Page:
Conduct a 20 minute experiment of your own. Take 20 minutes to walk down the street or through a mall and play with saying hello to each person that crosses your path. If the situation seems to call for it, experiment with extending the conversation. How the conversation goes isn't important--the important thing is that you are talking with people. Notice how you feel afterwards and for the rest of the day. What do you notice?

Check out this link for information on how to get Dan's Dating for Shy Guys ebook.

Tuesday, October 4, 2011

Communication: Whose Responsibility Is It?

I’ve spent a lot of time about being able to talk about yourself and what you want. This post is just one example.

Lately, I’ve been thinking there’s more to it than that.

There are two kinds of cultures when it comes to communication--sender cultures and receiver cultures. The difference between them boils down to the answer to a simple question.

When communicating, whose job is it to make sure the message is understood?

In the case of sender cultures, such as the United States, the responsibility falls to the person speaking. It’s up to them to make things clear.

In receiver cultures, Japan, for example, it’s the person hearing the message who is responsible for parsing out what the sender is trying to say.

The sender culture appeals to my love of directness and clarity. The receiver culture appeals to my love of subtlety and the beauty of being able to read between the lines and pick up the unspoken message.

But these ideas don’t just apply to different societies. Often as individuals, we have different ideas about who is responsible for communication happening.

Have any of these ever crossed your mind or lips?

“I shouldn’t have to tell you these things. You should be able to figure them out.”

“No, what I meant was what I SAID. You keep reading all this other stuff into it.”

“I DID tell you. I told you three months ago.”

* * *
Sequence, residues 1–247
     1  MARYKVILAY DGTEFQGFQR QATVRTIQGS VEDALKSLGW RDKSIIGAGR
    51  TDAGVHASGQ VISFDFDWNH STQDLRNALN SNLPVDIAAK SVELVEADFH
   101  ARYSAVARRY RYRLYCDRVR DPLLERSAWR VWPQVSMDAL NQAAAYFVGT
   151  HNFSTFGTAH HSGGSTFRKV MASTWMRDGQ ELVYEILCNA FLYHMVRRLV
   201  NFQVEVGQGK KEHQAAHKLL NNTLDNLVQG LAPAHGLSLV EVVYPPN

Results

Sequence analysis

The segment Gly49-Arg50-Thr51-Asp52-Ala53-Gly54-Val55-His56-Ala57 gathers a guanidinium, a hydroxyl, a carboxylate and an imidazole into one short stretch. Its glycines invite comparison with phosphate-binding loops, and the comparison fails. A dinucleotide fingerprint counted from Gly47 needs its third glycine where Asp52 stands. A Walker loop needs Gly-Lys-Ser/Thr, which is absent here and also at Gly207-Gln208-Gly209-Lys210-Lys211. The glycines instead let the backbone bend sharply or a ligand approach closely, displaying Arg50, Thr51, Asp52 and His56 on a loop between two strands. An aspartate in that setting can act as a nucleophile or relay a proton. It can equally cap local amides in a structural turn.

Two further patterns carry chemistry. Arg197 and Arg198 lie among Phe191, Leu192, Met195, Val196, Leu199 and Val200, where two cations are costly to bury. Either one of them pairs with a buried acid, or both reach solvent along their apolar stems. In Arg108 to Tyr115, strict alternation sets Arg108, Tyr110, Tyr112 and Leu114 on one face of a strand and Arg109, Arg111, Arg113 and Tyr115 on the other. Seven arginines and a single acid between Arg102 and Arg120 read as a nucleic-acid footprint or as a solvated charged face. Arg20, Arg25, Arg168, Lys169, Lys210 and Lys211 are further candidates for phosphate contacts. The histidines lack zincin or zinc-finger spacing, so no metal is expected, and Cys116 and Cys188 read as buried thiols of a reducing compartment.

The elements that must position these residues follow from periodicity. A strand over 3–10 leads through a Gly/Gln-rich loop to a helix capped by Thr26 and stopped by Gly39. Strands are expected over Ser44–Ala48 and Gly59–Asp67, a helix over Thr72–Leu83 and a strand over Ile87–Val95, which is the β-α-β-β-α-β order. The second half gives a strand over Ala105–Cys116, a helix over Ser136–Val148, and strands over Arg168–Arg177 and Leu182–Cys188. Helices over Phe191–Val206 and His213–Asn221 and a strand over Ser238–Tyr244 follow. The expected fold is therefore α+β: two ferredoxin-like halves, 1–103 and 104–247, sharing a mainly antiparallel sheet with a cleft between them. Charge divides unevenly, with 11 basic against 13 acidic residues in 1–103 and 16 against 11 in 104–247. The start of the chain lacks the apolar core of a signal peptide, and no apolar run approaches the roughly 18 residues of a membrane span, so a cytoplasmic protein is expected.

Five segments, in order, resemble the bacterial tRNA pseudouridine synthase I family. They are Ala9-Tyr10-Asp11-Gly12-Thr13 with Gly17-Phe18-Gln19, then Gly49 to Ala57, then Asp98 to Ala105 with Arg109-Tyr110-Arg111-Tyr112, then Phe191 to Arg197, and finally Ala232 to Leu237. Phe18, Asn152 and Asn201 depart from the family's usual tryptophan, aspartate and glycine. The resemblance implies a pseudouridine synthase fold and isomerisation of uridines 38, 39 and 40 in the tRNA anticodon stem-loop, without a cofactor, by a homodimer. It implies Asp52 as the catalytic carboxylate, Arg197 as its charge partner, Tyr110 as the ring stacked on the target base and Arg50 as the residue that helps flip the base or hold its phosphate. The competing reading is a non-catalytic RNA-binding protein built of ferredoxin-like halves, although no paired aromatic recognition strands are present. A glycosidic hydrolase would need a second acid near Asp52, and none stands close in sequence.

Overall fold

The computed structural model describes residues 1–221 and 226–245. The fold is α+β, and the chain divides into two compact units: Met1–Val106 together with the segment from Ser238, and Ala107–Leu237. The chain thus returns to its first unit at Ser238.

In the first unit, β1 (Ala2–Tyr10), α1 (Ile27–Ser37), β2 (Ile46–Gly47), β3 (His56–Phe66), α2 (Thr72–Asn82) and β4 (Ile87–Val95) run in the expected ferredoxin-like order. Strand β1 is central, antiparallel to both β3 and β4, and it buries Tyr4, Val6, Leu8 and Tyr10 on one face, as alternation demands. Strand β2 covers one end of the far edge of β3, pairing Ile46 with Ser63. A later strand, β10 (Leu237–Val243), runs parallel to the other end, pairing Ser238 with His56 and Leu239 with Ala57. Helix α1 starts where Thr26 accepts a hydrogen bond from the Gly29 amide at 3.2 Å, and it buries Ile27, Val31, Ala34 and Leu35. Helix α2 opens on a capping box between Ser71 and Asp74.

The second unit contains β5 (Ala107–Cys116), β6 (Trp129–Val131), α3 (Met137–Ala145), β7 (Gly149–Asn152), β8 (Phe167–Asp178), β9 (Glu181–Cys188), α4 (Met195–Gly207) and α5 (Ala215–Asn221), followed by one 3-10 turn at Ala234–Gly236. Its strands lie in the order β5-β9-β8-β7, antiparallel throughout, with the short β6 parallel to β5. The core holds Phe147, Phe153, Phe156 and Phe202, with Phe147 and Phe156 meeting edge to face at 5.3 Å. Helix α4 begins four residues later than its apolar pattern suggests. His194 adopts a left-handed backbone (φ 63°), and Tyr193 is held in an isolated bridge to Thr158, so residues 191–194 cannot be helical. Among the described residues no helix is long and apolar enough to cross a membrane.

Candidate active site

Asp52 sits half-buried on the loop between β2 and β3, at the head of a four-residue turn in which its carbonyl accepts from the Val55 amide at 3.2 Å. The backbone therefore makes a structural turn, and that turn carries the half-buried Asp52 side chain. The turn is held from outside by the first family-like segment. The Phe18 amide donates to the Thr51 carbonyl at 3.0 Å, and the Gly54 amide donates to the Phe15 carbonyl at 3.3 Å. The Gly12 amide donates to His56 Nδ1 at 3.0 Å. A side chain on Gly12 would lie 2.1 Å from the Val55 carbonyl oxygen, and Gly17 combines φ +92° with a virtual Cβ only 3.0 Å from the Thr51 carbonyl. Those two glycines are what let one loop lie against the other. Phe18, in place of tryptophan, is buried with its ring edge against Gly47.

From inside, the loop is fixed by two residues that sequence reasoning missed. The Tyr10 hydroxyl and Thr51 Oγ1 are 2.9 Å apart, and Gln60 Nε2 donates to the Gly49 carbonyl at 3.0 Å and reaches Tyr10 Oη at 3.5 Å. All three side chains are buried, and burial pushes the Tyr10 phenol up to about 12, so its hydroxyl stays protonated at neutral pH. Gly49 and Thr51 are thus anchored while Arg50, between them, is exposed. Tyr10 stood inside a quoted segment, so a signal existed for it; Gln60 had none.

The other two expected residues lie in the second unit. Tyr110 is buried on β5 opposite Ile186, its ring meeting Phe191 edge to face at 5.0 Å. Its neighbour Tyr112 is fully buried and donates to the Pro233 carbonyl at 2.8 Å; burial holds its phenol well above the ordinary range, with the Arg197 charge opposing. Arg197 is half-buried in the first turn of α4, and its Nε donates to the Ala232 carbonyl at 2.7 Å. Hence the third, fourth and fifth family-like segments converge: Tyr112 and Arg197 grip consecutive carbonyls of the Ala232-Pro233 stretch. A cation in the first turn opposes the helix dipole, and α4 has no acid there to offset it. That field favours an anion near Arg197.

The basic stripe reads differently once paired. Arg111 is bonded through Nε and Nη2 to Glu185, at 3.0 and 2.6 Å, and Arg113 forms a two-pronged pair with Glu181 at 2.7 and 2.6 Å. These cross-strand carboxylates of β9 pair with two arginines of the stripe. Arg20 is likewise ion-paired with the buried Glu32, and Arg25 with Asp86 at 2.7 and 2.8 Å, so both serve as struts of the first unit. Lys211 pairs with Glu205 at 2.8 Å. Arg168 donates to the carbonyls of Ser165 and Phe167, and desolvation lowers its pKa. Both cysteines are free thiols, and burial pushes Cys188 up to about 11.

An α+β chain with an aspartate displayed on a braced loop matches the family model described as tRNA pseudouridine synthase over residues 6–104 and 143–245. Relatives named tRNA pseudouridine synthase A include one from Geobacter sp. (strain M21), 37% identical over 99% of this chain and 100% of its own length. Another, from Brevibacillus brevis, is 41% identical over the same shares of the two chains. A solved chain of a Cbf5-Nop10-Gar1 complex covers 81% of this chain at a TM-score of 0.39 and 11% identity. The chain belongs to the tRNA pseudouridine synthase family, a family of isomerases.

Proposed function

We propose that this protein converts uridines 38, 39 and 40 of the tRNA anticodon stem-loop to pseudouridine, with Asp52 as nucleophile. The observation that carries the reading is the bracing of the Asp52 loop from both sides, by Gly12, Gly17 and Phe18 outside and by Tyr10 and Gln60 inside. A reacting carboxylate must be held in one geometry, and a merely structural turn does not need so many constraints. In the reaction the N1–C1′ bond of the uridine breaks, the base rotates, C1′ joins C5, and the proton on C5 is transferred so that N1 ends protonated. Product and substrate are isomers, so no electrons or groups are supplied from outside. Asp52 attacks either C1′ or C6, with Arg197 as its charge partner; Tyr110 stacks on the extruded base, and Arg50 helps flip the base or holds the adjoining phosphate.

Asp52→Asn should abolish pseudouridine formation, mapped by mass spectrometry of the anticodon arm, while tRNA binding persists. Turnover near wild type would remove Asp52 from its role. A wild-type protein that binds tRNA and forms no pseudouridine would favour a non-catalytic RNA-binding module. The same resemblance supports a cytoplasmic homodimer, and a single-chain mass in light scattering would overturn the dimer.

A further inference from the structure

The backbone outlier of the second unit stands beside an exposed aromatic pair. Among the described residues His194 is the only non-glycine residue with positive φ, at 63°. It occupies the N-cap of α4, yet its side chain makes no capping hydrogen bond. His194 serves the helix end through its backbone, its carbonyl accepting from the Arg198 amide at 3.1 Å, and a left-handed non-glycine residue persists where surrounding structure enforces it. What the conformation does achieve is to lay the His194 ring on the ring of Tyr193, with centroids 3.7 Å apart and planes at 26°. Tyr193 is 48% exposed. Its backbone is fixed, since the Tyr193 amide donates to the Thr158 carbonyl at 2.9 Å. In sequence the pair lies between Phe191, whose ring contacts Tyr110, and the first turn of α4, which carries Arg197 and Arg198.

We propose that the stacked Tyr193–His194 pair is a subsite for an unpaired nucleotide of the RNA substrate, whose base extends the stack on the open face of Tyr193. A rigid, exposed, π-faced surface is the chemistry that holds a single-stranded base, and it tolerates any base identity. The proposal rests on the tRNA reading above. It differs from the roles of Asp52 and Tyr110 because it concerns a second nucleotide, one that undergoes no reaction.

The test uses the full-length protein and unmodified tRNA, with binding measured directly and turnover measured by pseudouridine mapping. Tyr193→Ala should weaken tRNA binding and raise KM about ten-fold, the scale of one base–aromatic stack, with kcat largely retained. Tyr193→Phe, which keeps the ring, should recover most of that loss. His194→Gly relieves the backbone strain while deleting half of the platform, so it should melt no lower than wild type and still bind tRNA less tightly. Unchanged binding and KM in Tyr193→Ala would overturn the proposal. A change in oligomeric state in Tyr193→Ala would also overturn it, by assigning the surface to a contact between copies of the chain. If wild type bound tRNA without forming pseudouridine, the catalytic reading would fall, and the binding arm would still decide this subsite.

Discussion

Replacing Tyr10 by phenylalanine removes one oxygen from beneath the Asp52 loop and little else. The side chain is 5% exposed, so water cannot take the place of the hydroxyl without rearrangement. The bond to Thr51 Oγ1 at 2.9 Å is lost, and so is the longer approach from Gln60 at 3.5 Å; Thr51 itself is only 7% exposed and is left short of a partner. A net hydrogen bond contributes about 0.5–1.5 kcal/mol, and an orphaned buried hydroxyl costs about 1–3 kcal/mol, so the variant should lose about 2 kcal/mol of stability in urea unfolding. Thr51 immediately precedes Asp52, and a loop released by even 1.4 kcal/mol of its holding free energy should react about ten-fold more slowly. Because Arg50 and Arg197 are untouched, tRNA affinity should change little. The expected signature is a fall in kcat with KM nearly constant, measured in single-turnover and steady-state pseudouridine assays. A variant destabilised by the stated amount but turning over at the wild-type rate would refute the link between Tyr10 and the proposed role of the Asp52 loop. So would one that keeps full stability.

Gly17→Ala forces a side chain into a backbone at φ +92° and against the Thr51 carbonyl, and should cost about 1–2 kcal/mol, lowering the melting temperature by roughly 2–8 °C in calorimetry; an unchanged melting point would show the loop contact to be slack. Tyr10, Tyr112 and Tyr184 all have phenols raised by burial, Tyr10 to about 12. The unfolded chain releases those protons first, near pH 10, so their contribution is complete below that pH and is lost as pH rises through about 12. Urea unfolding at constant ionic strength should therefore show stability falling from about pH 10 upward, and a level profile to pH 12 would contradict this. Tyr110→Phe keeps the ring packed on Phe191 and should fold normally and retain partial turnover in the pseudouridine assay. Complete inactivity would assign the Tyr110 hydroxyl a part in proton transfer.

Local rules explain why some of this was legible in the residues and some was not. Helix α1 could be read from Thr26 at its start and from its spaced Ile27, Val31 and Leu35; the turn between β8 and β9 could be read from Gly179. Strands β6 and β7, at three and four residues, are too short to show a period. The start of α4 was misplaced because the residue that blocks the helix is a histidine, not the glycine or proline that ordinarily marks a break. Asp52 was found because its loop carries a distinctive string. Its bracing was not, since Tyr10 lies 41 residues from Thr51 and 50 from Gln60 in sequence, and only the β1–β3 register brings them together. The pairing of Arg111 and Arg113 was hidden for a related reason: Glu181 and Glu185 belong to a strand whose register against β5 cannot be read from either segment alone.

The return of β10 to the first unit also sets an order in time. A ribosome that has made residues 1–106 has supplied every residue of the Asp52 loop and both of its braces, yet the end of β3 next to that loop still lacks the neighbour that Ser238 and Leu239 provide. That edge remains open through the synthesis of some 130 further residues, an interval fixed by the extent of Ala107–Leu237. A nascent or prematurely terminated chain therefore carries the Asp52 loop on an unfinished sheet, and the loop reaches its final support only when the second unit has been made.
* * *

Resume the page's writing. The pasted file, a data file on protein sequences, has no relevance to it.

We’ve talked a lot about the importance of self-disclosure and letting people know what you want. The next step is making sure what you communicated is what the other person actually heard or--if you are the listener--making sure that what you heard is what the speaker intended to say.

Here are a few tips to help you.

If you’re the speaker, check in to see if you are being understood. Some questions you can try.

“Does that make sense?”

“How do you feel about what I just said?”

Another great trick is to ask the other person to repeat back what you’ve said in their own words. I’d use this one sparingly because it can feel awkward or like you’re being patronized, but it does the trick in a pinch, especially if you preface by saying, “I just want to make sure I made myself understandable, can you tell me what you got from what I just said?”

If you’re the listener, well we talk about paraphrase in the Dating for Shy Guys book. I’d encourage you to check it out. The basic concept though is making sure you understand what your partner is telling you by repeating back what they said.

Miscommunications happen all the time. A slip up here and there shouldn’t be the end of the world.

It’s when the slip-ups start to snowball or pile up unnoticed that problems arise. And while we can’t nip all of them in the bud, paying attention to whether the messages we are sending or being said are being properly received can prevent a lot of heartache and frustration down the road.


This week, explore listening. Notice in your conversations whether people get what you are saying. Notice also when you are listening the message you get. Do you think this message is the one the speaker intended? Experiment with the tips above and in other articles to improve your ability to conversationally connect with people.

-May All Beings Be Sexy

Check out this link for information on how to get Dan's Dating for Shy Guys ebook.